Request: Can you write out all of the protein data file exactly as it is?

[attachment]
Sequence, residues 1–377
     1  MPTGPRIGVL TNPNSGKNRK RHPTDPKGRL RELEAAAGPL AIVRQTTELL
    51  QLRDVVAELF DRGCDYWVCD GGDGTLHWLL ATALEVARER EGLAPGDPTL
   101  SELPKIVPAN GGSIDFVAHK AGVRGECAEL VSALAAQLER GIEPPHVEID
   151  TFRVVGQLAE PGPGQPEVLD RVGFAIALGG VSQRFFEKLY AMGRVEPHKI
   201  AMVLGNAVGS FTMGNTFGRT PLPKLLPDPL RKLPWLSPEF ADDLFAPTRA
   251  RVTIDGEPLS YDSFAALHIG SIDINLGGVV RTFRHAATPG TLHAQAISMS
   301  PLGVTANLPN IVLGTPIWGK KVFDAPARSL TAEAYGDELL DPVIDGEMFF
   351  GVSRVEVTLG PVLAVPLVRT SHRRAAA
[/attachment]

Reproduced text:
Sequence, residues 1–377
     1  MPTGPRIGVL TNPNSGKNRK RHPTDPKGRL RELEAAAGPL AIVRQTTELL
    51  QLRDVVAELF DRGCDYWVCD GGDGTLHWLL ATALEVARER EGLAPGDPTL
   101  SELPKIVPAN GGSIDFVAHK AGVRGECAEL VSALAAQLER GIEPPHVEID
   151  TFRVVGQLAE PGPGQPEVLD RVGFAIALGG VSQRFFEKLY AMGRVEPHKI
   201  AMVLGNAVGS FTMGNTFGRT PLPKLLPDPL RKLPWLSPEF ADDLFAPTRA
   251  RVTIDGEPLS YDSFAALHIG SIDINLGGVV RTFRHAATPG TLHAQAISMS
   301  PLGVTANLPN IVLGTPIWGK KVFDAPARSL TAEAYGDELL DPVIDGEMFF
   351  GVSRVEVTLG PVLAVPLVRT SHRRAAA